New technologies may safeguard driverless cars for future owners
Driverless cars are now being developed in factories around the world and tested on our roads here in the U.S. in states like Pennsylvania and Michigan. Driverless cars offer many benefits to consumers, including increased safety, cost savings in gas and insurance, and ease of use that saves time and effort. These benefits may be negated, however, if driverless cars can’t be secured against hackers and other cybercriminals.
The cybersecurity concerns of driverless cars are real and have already been demonstrated in current automobiles with drivers whose computer systems have been hacked. The highly computerized nature of both driverless and traditional cars operated by a driver has made them vulnerable to cyber attacks, which could be devastating when no one is at the wheel or knows how to operate the car.
Hackers and cybercriminals could benefit from hacking driverless cars in several ways. One, they could gain access in order to steal the car. Two, they could cause chaos or kill the person in the car. And three, they could hold the car hostage, possibly to try to extort a ransom from the family or employer of whoever is in the car at the time.
The lucrative nature of hacking driverless cars makes it fairly likely that cybercriminals will try hard to do so. How the security industry deals with cybersecurity threats to driverless cars will likely determine whether the cars will be safe to drive and whether society will be comfortable using these automobiles in the future.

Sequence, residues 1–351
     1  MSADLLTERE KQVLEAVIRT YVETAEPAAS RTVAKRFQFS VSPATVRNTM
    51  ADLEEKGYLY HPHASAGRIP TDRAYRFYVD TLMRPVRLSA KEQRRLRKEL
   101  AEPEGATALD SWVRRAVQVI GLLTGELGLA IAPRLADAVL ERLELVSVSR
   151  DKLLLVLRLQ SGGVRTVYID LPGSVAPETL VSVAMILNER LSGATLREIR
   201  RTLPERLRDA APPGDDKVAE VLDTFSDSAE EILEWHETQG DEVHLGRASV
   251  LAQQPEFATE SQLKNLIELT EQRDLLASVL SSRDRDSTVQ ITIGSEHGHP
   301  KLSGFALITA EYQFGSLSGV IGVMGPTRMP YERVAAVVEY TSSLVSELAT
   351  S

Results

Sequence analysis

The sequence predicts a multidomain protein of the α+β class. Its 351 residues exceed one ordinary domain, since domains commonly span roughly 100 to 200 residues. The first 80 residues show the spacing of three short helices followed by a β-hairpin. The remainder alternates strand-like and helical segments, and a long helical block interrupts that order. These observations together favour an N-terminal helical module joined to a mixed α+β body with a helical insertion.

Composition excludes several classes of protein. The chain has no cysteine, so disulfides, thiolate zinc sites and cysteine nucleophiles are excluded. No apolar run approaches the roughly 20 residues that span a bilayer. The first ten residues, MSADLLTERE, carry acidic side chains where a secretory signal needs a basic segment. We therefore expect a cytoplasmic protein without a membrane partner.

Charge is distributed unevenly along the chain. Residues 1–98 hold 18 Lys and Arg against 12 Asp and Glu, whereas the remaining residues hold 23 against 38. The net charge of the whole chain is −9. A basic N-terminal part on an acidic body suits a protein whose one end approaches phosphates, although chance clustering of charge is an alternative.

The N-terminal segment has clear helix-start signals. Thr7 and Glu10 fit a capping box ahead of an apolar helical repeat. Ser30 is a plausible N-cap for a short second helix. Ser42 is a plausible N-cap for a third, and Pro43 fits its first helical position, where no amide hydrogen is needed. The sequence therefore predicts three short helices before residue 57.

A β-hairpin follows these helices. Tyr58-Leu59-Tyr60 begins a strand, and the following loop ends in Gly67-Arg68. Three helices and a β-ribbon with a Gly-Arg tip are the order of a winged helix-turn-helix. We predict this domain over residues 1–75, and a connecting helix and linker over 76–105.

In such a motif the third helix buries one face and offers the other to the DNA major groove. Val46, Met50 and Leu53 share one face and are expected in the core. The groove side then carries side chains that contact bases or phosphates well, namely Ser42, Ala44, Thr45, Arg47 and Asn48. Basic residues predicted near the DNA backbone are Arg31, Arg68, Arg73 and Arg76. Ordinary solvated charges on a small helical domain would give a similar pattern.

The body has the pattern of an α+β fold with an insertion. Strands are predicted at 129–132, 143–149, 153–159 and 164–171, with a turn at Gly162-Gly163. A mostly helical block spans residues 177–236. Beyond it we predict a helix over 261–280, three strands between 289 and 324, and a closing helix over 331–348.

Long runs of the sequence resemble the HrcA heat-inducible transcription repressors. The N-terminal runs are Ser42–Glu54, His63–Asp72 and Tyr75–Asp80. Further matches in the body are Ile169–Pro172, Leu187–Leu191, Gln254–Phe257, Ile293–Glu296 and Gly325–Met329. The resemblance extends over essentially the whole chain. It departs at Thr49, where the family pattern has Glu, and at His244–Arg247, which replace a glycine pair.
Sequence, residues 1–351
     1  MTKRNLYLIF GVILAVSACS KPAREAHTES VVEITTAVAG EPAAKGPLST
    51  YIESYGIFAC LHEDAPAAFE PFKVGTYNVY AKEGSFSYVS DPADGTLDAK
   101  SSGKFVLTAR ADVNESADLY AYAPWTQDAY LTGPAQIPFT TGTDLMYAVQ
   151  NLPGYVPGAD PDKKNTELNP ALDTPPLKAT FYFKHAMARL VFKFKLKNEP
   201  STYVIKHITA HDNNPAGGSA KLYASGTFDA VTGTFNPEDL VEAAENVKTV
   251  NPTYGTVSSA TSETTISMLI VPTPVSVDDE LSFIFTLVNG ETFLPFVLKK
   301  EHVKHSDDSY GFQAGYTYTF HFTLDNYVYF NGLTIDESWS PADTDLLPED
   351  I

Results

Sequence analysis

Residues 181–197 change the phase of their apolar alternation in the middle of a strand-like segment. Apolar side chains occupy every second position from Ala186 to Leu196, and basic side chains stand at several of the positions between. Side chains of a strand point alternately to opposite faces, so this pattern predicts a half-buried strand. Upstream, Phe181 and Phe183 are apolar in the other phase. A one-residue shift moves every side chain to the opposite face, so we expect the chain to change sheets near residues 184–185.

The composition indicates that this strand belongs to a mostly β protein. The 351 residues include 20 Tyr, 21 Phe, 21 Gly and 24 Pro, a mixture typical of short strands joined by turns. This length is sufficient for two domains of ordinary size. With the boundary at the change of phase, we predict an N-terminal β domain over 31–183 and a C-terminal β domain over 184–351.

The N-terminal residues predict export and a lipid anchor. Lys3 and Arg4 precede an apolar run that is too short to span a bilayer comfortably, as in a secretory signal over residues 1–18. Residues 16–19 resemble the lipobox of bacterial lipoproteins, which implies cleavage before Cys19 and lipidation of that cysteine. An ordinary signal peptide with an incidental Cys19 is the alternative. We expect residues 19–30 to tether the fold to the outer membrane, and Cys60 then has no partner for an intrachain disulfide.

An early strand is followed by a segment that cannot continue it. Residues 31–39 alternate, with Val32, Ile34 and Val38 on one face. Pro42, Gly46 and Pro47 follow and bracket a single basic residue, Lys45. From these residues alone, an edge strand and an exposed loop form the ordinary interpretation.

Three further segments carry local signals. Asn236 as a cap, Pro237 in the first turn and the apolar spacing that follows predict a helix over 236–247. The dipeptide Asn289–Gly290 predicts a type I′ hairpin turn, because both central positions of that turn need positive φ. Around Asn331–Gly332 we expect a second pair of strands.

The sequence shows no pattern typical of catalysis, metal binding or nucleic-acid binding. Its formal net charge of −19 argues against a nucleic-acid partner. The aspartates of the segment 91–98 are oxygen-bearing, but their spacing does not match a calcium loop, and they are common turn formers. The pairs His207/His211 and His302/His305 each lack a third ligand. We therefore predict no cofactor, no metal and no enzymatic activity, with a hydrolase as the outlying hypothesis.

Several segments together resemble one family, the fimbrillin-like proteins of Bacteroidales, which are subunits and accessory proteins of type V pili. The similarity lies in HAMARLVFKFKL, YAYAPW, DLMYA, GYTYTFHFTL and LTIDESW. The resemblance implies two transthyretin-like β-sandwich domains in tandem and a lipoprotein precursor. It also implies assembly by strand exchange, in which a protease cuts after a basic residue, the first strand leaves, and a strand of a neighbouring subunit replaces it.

New Security Developments May Protect Driverless Cars
Driverless cars need the best possible security because of the potential for injury and death from accidents. Newer security technologies like blockchain and quantum hash cryptography offer hope that security professionals will be able to outstrip hackers’ attempts better than they have in the past. So far, no cars have ever been hacked when they were actually on the road, but that doesn’t mean it couldn’t happen with current security measures.
Before new security measures could be called foolproof, however, they will need extensive testing to determine their safety. Even then, hackers have proven their ability to breach just about any system that has existed to this date, so cybersecurity professionals will have to be alert to possible future problems.
The timeline for bringing driverless cars to roads near you is reportedly only a few years, according to companies working toward that goal. Without assistance from the best possible cybersecurity professionals, however, their efforts are not likely to succeed any time soon. Consumers are not likely to put their confidence, their money or their physical safety behind a driverless vehicle that could be hacked or that is not safe from security threats.
Florida Tech offers a cybersecurity degree program that trains students to be on the cutting edge of technology and cyber threats. Learn more about our cybersecurity program today.